Recent Posts

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peg doll nativity

The Concrete Liberation Narratives of Advent (Part 1)

If we are going to wrest these two narratives from centuries of purely religious and otherworldly interpretations, we must discover their historical context. Once we see that context, we cannot unsee it. Read more

The Concrete Liberation Narratives of Advent (Part 2)

If we are to rediscover the original subversive power of the birth narratives of Jesus and rightly apply those stories to our lives today, we must read them in the context of the lives and hopes of people in 1st Century Galilee and Judea who daily faced dehumanizing and economically crushing oppression. Read more

The Concrete Liberation Narratives of Advent (Part 3)

This year, as many of us are facing our own harsh realities, there may have never been a more appropriate time to consider the concrete liberation in the birth narratives of the Advent season. Read more


game pieces indicating exclusion

Transforming Communities Built on Exclusion (Part 1 of 3)

One possible interpretation of these stories is to understand them as drawing attention to those whom the community has chosen to expel: the scapegoats, the sacrificed, the expelled, but who themselves are innocent. Read more

Transforming Communities Built on Exclusion (Part 2 of 3)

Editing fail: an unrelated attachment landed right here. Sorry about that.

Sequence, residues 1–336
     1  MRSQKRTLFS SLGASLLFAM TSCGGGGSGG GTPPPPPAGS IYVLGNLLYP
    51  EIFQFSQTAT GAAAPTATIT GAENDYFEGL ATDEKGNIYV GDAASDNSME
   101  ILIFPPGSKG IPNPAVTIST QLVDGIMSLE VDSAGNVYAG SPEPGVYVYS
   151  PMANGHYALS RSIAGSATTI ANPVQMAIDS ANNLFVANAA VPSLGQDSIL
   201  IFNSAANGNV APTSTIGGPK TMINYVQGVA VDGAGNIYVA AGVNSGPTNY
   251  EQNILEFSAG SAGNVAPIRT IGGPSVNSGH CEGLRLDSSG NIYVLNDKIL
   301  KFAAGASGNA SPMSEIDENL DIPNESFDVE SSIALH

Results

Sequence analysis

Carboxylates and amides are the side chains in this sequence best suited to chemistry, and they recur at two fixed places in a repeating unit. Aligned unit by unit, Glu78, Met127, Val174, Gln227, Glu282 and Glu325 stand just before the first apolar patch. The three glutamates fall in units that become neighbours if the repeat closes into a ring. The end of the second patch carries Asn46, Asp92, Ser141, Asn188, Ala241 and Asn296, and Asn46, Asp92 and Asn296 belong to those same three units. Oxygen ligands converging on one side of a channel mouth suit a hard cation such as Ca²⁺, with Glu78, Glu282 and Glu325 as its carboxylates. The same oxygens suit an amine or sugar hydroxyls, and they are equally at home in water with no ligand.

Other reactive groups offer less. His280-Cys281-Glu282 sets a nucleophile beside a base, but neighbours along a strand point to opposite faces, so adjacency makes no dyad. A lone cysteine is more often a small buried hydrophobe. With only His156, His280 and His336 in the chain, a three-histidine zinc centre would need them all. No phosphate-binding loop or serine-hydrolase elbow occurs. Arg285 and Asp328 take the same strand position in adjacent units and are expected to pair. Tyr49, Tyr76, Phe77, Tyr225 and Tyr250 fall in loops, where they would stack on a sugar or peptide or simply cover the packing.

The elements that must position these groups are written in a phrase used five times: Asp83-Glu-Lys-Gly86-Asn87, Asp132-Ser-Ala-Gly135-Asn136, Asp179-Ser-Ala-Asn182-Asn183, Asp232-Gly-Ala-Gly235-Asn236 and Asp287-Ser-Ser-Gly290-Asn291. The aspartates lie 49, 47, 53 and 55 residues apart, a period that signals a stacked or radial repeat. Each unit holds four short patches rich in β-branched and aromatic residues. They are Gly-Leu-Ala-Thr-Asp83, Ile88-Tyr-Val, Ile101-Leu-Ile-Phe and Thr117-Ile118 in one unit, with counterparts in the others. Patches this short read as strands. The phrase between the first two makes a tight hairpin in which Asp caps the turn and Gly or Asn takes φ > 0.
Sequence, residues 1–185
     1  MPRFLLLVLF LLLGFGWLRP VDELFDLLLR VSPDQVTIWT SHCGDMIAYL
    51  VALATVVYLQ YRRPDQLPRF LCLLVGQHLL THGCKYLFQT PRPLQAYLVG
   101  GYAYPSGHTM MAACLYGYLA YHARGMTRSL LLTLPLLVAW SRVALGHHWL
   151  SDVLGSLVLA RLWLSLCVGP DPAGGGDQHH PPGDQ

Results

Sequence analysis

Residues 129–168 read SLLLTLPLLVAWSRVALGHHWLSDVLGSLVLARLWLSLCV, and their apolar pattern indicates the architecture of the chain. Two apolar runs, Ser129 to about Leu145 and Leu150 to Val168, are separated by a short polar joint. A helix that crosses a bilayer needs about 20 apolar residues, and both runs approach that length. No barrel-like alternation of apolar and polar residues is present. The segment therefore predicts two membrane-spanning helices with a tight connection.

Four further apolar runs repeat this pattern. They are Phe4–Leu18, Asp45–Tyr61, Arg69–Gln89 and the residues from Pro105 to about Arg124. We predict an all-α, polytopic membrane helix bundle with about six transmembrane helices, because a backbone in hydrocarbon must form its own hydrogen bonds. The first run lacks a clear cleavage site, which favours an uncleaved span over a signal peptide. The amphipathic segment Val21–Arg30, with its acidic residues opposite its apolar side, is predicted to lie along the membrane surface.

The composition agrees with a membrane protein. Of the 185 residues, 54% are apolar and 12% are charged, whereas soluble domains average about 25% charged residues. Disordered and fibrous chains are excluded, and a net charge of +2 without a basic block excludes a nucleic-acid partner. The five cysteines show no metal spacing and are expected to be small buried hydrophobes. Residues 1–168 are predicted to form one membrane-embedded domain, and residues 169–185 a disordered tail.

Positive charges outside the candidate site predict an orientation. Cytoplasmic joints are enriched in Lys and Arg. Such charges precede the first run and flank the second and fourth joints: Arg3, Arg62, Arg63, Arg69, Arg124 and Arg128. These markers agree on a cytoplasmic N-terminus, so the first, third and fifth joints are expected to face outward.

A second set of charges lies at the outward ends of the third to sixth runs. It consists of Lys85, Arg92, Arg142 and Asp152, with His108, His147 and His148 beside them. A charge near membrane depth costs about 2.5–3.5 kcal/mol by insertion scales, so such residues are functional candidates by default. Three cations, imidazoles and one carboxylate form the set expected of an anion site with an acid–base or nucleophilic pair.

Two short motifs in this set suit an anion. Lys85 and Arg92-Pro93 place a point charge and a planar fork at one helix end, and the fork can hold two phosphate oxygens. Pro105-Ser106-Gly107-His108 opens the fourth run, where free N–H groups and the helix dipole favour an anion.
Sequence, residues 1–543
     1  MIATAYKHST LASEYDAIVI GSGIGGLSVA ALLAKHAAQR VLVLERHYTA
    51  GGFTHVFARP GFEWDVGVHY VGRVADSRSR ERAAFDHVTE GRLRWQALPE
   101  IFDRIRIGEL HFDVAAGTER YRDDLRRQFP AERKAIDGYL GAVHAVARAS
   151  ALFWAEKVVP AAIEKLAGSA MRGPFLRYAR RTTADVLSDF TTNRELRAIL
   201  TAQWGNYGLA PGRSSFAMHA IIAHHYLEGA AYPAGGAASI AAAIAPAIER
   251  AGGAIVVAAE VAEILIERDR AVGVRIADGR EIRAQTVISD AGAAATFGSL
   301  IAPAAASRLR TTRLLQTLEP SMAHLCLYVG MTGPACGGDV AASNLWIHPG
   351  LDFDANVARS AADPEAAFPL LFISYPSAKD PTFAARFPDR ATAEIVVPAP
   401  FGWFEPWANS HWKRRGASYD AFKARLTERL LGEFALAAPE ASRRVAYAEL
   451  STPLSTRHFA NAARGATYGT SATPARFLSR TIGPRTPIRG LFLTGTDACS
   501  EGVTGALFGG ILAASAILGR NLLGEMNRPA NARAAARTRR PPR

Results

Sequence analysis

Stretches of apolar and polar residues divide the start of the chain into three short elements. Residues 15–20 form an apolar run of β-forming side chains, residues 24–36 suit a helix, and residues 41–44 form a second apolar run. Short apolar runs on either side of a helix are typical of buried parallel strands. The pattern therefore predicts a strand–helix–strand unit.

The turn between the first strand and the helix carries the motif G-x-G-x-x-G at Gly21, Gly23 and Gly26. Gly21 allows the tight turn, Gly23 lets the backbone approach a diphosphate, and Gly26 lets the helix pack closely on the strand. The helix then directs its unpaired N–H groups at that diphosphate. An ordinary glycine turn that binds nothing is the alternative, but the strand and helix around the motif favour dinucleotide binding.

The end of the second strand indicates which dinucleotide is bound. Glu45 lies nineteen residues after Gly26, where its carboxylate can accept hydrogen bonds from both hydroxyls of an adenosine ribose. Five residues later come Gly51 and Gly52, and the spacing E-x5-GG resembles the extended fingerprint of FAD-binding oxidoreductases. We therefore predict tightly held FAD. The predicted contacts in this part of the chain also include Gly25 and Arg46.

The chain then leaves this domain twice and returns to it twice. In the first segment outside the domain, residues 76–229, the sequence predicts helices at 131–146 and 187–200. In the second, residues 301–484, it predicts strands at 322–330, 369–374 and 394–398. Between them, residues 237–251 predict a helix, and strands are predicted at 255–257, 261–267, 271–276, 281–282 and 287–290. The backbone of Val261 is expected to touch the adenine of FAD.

Because the story seeks the root causes of why people are marginalized, there is no case that does not also raise a larger question of social oppression. Read more

Transforming Communities Built on Exclusion (Part 3 of 3)

Mark’s Jesus narrative offers a Jesus who has come not to destroy us or who we are but to liberate us from the self-hatred and the internalized low self-estimation our communities of origin have given us because of who we are. This Jesus has come to liberate us from our own captivity to believing that we are “less than” others simply because we may be different from those at the top of the privilege structures in our society. Read more

Find more articles at


Weekly Zoom HeartGroup on Wednesday Nights

Each Wednesday evening, Glendale City Church will be hosting a Zoom-HeartGroup led by Herb Montgomery.  Our discussion each week will focus on the content in Renewed Heart Ministries’ weekly eSight articles and the Jesus For Everyone podcast published each Friday.  The time of each Zoom session will be on Wednesdays at 7:00 p.m. Pacific/10:00 p.m. Eastern.

For more information and for the link to participate each week, contact RHM here.



A Special Message to Our HeartGroups

christmas fireplace

We are continuing to ask all HeartGroups not to meet together physically at this time. Please stay virtually connected and to practice physical distancing. You can still be there for each other to help ease anxiety and fears. When you do go out, please maintain a six-foot distance with others, continue to wear a mask, and wash your hands often to keep the spread of the virus at bay.

This is also a time where we can practice the resource-sharing and mutual aid found in the gospels. Make sure the others in your group have what they need. We are more interconnected than we realize, as this has proven. And we need each other during this time.

How many ways can you take care of others while we are physically apart?